Monday, December 29, 2008


The acting Commissioner of the Commission on Human Rights and Administrative Justice (CHRAJ), Ms Anna Bossman, has asked Ghanaians, particularly politicians, to maintain their cool even as the country heads for a run-off.
She said in trying times when who to lead the country was not clearly known the fortitude of political leaders to maintain peace and stability would be a sign of leadership.
Ms Bossman gave the advice in Accra yesterday during the commemoration of the international human rights day and the 60th year of the Universal Declaration of Human Rights (UDHR) in the world.
The occasion was used to present two reports, one on the State of Human Rights in the country and the other on the preliminary observations of the 2008 election by staff of CHRAJ, termed “Monitoring the Right to Vote.”
CHRAJ observed and monitored the elections in 900 polling stations in 137 constituencies carefully selected by an objective criteria developed by the Commission.
It concluded that the elections were free, fair and transparent.
CHRAJ commended the voters for the calm and orderliness in voting, party agents for their active and vigilant participation in the process, security personnel for demonstrating professionalism and the Electoral Commission for a free, fair and transparent process.
"But it is not over yet until the results are declared. To political parties and the general populace, this is the period during which all of us will be tested. This is the time when the mettle of each and everyone of the candidates will be tested. The mark of a true leader is how he responds in time of stress, difficulty and adversity," Ms Bossman said.
On the state of human rights, the country generally had made some strides in consolidating democracy but more work was needed in consolidating civil and political rights.
Specifically, advancing human rights, combating lawlessness and fostering civility among the general populace was mentioned as areas needing focus.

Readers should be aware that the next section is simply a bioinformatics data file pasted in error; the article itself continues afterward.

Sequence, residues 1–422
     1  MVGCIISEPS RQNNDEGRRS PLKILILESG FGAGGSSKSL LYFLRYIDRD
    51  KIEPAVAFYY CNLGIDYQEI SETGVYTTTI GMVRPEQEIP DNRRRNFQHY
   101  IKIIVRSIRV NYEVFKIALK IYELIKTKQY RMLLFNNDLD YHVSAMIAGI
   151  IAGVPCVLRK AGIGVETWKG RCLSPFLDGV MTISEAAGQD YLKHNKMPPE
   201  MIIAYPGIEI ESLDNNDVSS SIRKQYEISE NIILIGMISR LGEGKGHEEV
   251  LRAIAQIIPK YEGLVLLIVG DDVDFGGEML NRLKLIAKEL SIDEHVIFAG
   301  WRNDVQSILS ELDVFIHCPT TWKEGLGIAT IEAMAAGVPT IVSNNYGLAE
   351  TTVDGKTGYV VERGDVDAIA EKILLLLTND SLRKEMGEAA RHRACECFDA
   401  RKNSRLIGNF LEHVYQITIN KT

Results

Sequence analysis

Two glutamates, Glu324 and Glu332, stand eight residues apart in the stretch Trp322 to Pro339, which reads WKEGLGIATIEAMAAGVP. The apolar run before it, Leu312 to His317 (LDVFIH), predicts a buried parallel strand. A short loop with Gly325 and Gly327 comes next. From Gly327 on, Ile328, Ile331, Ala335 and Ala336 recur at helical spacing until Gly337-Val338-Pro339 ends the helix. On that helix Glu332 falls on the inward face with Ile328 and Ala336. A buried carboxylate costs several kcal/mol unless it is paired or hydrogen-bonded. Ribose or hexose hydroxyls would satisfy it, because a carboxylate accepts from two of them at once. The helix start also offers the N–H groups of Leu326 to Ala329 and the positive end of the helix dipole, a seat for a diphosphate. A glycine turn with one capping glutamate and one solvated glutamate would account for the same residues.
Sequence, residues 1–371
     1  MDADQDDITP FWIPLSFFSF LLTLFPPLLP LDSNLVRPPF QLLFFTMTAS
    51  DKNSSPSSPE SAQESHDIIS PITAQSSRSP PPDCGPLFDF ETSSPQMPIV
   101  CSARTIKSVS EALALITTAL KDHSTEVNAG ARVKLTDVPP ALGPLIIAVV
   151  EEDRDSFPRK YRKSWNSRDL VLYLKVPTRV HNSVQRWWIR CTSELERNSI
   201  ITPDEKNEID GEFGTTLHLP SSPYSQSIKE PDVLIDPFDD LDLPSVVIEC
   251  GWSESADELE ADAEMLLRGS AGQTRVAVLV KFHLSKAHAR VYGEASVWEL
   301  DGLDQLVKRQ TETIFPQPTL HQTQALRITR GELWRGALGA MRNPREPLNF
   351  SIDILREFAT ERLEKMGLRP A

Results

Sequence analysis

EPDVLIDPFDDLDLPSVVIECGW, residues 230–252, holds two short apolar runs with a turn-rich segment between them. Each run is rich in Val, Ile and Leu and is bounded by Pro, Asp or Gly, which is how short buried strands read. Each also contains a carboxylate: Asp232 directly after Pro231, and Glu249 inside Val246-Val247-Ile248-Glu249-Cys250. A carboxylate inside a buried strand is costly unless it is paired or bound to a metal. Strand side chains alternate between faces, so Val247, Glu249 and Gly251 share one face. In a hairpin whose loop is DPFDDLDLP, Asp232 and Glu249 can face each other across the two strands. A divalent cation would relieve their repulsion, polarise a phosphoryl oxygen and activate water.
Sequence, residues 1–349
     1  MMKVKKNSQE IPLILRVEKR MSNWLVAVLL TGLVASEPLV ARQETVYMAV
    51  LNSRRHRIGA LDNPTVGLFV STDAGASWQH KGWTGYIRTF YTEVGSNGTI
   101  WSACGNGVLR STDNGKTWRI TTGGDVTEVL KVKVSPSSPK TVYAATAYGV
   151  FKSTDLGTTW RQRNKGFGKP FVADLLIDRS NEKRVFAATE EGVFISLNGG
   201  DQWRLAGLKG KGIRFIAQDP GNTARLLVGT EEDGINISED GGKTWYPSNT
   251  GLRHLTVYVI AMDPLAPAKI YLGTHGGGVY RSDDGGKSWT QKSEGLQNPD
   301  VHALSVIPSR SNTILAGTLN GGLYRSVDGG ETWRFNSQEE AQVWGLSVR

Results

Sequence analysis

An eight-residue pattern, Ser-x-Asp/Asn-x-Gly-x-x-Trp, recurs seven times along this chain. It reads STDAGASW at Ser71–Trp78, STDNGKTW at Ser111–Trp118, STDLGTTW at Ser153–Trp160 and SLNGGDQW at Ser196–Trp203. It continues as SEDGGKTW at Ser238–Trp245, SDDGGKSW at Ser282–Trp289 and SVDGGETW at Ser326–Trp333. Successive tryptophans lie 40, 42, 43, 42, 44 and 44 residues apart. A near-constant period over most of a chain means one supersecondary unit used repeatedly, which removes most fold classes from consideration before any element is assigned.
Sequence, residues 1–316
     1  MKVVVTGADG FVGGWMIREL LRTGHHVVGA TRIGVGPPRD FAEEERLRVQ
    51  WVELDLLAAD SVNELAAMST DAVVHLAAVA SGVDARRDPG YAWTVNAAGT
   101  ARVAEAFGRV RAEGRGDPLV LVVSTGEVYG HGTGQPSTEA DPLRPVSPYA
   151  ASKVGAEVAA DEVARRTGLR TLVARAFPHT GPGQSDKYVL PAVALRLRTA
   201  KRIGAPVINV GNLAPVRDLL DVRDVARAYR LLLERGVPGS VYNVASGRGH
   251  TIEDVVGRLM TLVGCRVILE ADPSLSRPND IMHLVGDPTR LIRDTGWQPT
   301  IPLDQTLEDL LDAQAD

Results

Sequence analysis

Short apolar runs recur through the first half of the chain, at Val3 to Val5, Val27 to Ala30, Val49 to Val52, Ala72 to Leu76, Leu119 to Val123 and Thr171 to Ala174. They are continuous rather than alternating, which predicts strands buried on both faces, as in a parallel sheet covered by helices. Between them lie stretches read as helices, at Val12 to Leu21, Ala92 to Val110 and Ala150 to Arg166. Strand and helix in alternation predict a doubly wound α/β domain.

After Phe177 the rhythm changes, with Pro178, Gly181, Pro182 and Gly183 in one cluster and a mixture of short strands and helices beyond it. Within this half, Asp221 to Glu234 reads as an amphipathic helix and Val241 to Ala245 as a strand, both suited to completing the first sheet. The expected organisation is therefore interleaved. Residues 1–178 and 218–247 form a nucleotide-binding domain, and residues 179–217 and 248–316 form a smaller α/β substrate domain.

CHRAJ was also unhappy about commmunual violence between Kusasis and the Mamprusis in Bawku and asked all to “work earnestly towards peace in the Bawku community.”
The shooting of some residents in Ashaiman that led to the death of two persons, mob justice and the punishment of washing and handling corpse meted out to some commercial drivers at the 37 Military Hospital was highlighted in the report.
How the country fared with children’s rights, cultural rights, health and educational rights, the rights of people living in mining communities and corruption were also highlighted in the report.
The Resident UN Co-ordinator and UNDP Resident Representative, Mr Dauoda Toure, who read a message on behalf of the UN Secretary General, Ban Ki Moon, said the UDHR was drafted in the midst of utter destruction and destitution following the Second World War.
He said its adoption was a landmark and remained a core part of the identity of the UN to date.
The statement said the challenges being faced currently were similar to those being faced when the UNDR was declared.
It was, therefore imperative for all to act collectively to uphold the rights.
Ms Afua Ansre of the United Nations Development Fund for Women (UNIFEM) in her statement underscored the need for more to be done in ensuring dignity and justice for all.
The Deputy Commissioner of CHRAJ, Mr Richard Quayson, in his welcoming remarks said the country still needed to strive to sensitise all to "learn, promote and claim" the UDHR for themselves and others.

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